Granny Smith Apples

Granny Smith Apples

Tuesday, 3 December 2013

Happy 21st Birthday! Now What?

There are few words in our language that will automatically solicit a smile from the majority of people.  Birthdays are memorable and joyous occassions full of celebration with loved ones.  It is a day to honour the past, enjoy the present and dream about the future.  Birthdays help mark significant milestones.  The first birthday celebrates the successful survival of the parents who have managed multiple night wakings, endless feedings, first smiles and first steps.  The fifth birthday sees a toddler becoming a young boy or girl with growing independence especially as they get ready to head off to school.  The 21st birthday is another milestone.  For the parents of a special needs child, this milestone contains much joy but it also brings to the forefront questions about the future.  At 21, the public education of the special needs child is finished.  Thus, the following questions arise.  What will my special needs child do with their time now that their schooling is finished?  Will my special needs child be able to find a job?  Will my special needs child be able to live on his or her own?  What kinds of resources, public or private, are available for  my special needs chid?

Hopefully, as a special needs parent, these questions are not being asked for the first time at the 21st birthday.  Like all special needs programs, public or private, there are long waiting lists and one wants to be sure find the best fit for their child.  Moreover, it is important to dream of the possibilities when your child is younger so your child can work towards the dream.  So as a special needs parent what do I need to know about the services offered after 21 years of age and what should I consider as I begin planning?

1)  Depending on your child's code, your child may be entitled to a public education until 21 years of age or they may be entitled to services in higher education.   This is why it is important to know what educational code your child has been given and to have it re-evaluated at the beginning of high school.  A parent will need to fight the system in order to get the educational code re-evaluated but the proper educational code opens up educational options.  Both Vanier College and McGill have offices for students with disabilities but appropriate documentation is needed.  Peter Hall School, Summit School and Giant Steps all have programs up to 21 years of age.  In the public sector, John Grant High School offers a valuable Pre-Work Program and Job Orientation Program which ends at 21 years of age.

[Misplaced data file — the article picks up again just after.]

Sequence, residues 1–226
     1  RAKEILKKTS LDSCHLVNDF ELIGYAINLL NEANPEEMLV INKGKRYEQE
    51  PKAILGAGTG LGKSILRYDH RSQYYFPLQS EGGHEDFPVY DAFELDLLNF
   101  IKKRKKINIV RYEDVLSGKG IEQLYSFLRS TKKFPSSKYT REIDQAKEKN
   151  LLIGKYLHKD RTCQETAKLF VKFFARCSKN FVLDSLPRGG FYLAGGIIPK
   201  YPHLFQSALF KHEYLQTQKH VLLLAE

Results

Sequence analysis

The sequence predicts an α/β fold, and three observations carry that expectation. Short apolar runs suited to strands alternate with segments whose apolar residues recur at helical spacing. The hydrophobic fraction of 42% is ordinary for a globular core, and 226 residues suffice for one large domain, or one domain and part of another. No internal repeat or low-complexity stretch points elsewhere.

2)  Plan financially by knowing the tax credits and saving plans your federal and provincial governments provide.  You can get federal tax credits up to 10 years previous.  If your child cannot use the RESP you set up, you can roll it into your RRSP.  With the proper paperwork, you can set up a RDSP which has a great rate attached to it.  Two great resources in Montreal for assisting with financial planning for a special needs child are the Disability Financial Assistance Corporation and Nathan Liebowitz of Assante Wealth Management.

3)  Be in regular contact with your CLSC, social worker and readapatation centre.  Even if you don't think you will need their help at the moment, these government agencies have a variety of day and work programs at their disposal.  If they are aware of your situation they can put you on the appropriate wait lists for day and work programs appropriate for your special needs child.  If you were to wait until your child was 21 years old to touch base with your government services, you would end up with wait time of another year or two.

4)  Begin researching educational options and/or day programs when your child is about 15 years old.  Although limited there are programs available for adults with disabilities.  They range from services to help persons with disabilities with job searches to day/work programs.  There are assisted living programs and respite centres.  Our local school boards offer a variety of vocational programs and adult education programs.

Have DREAMS for your special needs child!  As you contemplate these dreams, turn them into reality by looking to the future and planning as much as posible in the present.

To many more happy birthdays!

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